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Amatu Voti
Qualità su una buona giornata: 3.0
Coerenza del surf: 2.0
Livello di difficoltà: 1.0
Folle: 3.0

Overall: 2.7

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Surf Report Feed

Amatu Swell Statistics, Autumn: All Swell – Any Wind

The rose diagram shows the variation of swells directed at Amatu over a normal northern hemisphere autumn. It is based on 8724 NWW3 model predictions since 2006 (values every 3 hours). The wave model does not forecast wind and surf right at the shore so we have chosen the best grid node based on what we know about Amatu. In this particular case the best grid node is 22 km away (14 miles).

The rose diagram shows the distribution of swell sizes and directions, while the graph at the bottom shows the same thing without direction information. Five colours illustrate increasing wave sizes. Blue shows the smallest swells, less that 0.5m (1.5 feet) high. These occurred only 35% of the time. Green and yellow represent increasing swell sizes and red represents the biggest swells, greater than >3m (>10ft). In either graph, the area of any colour is proportional to how commonly that size swell was forecast.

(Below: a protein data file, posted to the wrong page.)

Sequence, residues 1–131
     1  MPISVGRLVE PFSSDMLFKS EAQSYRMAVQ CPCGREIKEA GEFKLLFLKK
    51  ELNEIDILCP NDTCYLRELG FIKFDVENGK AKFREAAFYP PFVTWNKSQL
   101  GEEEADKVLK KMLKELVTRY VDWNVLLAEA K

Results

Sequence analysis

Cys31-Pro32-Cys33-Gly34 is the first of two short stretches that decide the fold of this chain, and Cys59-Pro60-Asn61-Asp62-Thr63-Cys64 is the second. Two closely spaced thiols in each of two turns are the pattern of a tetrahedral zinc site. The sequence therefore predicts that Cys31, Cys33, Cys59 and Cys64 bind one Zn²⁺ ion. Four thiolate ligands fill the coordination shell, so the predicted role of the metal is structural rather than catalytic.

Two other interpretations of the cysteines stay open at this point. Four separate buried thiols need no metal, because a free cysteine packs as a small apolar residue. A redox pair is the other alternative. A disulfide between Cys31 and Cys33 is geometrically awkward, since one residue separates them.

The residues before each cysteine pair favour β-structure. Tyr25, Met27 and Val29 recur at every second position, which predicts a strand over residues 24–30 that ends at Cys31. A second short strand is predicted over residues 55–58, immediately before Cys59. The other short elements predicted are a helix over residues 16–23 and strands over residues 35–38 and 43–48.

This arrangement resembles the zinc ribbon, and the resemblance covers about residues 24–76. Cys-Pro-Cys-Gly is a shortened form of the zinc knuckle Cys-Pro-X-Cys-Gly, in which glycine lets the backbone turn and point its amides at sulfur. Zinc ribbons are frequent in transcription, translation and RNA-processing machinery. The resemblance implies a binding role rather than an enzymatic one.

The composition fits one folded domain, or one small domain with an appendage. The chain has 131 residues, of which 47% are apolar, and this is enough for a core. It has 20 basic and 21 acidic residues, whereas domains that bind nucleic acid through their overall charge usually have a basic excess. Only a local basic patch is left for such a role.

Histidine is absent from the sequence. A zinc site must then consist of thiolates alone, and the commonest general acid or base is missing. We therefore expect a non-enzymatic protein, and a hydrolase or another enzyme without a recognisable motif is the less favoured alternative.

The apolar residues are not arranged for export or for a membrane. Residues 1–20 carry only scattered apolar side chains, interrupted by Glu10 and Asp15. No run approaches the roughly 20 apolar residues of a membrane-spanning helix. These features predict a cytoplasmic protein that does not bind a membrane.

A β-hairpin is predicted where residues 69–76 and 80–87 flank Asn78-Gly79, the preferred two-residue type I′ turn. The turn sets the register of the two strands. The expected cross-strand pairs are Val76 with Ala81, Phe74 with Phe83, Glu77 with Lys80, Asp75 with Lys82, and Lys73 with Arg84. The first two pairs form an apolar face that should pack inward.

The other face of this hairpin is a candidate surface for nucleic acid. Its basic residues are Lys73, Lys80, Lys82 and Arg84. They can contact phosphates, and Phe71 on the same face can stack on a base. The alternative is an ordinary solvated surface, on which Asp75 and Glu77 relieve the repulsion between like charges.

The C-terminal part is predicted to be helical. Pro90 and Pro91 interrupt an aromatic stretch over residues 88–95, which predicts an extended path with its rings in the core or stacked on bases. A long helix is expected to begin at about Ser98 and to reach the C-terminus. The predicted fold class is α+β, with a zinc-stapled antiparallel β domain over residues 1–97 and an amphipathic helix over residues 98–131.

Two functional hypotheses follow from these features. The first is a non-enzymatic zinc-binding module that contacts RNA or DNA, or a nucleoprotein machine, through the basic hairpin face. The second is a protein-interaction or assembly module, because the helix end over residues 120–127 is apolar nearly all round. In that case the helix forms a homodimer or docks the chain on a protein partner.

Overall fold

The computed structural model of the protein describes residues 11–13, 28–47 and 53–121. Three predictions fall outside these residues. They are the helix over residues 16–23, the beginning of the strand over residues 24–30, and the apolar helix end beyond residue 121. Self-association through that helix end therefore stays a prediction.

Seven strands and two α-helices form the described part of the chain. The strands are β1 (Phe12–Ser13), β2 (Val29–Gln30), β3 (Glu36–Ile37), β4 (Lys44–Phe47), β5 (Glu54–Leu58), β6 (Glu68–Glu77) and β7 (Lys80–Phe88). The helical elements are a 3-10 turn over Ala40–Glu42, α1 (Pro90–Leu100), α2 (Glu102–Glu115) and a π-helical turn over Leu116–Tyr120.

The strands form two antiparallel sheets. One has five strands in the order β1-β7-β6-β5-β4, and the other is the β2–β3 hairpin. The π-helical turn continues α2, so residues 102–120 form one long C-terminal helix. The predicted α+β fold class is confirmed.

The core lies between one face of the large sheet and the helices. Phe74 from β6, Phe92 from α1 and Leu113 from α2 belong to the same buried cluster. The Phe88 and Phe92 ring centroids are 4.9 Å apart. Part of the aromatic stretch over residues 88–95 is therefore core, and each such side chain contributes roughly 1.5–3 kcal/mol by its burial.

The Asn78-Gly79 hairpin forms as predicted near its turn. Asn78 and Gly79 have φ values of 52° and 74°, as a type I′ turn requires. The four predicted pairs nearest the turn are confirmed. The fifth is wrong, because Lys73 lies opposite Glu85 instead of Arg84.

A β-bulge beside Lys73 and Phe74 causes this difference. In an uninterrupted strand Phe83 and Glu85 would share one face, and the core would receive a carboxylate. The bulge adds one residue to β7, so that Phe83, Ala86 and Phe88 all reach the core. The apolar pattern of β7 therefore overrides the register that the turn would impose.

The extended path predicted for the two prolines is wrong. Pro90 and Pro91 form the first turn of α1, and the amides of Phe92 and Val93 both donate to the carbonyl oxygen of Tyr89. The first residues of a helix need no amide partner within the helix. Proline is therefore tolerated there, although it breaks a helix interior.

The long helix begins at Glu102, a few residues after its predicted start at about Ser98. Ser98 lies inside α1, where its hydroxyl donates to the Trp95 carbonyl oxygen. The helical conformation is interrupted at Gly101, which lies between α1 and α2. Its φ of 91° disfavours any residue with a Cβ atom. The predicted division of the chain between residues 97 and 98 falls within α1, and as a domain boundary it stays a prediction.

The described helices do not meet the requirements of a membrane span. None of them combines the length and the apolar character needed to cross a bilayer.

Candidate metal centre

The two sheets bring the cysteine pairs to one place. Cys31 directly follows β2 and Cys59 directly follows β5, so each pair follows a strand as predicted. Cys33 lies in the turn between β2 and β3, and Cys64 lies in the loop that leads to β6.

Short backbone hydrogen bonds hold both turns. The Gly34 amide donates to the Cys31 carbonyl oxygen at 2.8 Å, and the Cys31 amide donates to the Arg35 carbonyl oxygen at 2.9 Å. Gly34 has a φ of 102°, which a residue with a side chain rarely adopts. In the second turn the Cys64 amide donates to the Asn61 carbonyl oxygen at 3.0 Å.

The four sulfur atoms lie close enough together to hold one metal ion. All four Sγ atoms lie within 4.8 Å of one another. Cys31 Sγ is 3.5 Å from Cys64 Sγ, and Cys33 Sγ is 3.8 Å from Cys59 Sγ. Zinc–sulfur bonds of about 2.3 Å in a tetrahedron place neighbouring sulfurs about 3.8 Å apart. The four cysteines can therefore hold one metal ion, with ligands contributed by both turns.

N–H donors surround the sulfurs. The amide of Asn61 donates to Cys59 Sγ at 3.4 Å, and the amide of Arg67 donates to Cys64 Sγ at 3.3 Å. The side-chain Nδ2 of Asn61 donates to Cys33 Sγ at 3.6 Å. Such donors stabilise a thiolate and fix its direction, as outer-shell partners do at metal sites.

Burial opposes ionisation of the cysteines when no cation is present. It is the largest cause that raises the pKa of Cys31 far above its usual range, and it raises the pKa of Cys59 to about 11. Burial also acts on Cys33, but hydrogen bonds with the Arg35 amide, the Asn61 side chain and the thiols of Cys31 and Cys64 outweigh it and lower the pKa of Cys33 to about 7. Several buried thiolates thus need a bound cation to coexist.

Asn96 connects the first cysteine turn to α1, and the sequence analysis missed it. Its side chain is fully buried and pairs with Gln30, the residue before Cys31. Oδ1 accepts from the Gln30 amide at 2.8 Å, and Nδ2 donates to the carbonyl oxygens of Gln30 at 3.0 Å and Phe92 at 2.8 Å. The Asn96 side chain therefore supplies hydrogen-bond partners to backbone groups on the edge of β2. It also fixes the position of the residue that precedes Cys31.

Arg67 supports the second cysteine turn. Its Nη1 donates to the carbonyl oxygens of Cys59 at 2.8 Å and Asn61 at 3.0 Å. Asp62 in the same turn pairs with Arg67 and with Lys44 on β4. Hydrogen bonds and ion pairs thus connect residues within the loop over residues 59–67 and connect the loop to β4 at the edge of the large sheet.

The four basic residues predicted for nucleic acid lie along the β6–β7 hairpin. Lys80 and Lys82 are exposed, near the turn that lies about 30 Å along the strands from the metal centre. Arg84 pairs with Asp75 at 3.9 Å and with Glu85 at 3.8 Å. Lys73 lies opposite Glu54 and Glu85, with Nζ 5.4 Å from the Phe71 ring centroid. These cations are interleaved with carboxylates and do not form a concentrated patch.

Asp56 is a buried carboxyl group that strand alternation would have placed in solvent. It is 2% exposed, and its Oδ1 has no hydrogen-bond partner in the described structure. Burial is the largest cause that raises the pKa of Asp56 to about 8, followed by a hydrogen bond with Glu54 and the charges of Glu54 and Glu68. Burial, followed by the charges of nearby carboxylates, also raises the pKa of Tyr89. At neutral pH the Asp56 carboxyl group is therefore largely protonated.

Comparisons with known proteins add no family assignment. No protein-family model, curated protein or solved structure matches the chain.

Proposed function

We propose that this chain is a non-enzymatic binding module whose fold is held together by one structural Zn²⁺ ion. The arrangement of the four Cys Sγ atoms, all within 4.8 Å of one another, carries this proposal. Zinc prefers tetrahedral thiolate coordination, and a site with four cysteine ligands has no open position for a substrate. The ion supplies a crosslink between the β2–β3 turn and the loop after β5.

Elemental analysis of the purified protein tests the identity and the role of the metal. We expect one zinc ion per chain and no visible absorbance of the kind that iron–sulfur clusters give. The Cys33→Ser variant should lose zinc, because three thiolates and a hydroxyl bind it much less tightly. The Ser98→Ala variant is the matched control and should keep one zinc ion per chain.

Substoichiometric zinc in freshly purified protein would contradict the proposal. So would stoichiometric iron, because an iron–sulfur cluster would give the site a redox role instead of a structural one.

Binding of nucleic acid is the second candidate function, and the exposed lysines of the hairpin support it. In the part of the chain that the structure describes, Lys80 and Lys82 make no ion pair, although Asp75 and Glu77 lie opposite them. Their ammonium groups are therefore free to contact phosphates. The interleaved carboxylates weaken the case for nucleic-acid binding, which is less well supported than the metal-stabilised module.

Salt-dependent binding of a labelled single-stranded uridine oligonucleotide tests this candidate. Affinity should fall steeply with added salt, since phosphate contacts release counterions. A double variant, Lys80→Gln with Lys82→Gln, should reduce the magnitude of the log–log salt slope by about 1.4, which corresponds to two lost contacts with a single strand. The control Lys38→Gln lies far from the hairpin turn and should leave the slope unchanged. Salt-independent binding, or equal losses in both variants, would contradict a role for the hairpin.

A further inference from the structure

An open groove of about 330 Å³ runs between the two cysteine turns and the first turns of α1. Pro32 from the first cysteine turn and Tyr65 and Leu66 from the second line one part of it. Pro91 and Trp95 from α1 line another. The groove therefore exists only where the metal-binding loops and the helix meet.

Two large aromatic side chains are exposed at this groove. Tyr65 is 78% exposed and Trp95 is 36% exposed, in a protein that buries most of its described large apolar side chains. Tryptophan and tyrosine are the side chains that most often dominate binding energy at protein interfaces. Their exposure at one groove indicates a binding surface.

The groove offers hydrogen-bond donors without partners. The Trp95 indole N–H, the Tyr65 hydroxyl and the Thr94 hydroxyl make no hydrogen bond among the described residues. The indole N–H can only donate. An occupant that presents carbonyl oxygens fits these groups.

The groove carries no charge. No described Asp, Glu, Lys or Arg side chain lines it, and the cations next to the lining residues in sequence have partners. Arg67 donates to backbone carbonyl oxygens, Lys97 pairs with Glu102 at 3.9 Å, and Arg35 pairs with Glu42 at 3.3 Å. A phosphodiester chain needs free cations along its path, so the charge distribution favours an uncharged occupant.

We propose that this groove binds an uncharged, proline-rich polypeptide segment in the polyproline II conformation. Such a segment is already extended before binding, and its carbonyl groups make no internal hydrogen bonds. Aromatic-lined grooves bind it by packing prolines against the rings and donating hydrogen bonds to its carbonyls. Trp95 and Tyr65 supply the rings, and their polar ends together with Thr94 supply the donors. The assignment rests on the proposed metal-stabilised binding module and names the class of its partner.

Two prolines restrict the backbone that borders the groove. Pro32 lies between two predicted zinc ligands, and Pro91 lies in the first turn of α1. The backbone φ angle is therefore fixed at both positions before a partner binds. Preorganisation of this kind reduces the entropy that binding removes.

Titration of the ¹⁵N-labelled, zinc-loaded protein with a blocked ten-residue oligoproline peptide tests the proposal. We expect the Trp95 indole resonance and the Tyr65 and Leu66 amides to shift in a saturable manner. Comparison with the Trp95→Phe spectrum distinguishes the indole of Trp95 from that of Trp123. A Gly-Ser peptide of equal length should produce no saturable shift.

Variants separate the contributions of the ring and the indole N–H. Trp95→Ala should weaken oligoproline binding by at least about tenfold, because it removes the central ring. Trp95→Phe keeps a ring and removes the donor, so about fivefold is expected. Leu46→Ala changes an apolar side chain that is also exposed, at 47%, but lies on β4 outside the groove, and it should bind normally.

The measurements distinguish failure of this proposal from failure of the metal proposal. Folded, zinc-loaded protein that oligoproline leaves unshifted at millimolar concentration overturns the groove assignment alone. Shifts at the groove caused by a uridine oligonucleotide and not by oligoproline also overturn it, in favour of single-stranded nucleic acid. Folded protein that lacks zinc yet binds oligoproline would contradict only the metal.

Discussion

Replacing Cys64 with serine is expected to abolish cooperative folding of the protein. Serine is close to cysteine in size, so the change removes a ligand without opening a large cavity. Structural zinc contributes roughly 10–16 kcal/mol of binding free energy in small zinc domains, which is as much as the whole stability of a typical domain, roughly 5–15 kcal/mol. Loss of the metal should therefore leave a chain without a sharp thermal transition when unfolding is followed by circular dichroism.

The diagram implies that the most common swell direction, shown by the longest spokes, was SE, whereas the the prevailing wind blows from the NNE. Because the wave model grid is offshore, sometimes a strong offshore wind blows largest waves away from Amatu and away from the coast. We group these with the no surf category of the bar chart. To keep it simple we don't show these in the rose diagram. Because wind determines whether or not waves are surfable at Amatu, you can load a different image that shows only the swells that were expected to coincide with glassy or offshore wind conditions. During a typical northern hemisphere autumn, swells large enough to cause good for surfing waves at Amatu run for about 65% of the time.

IMPORTANT: Beta version feature! Swell heights are open water values from NWW3. There is no attempt to model near-shore effects. Coastal wave heights will generally be less, especially if the break does not have unobstructed exposure to the open ocean.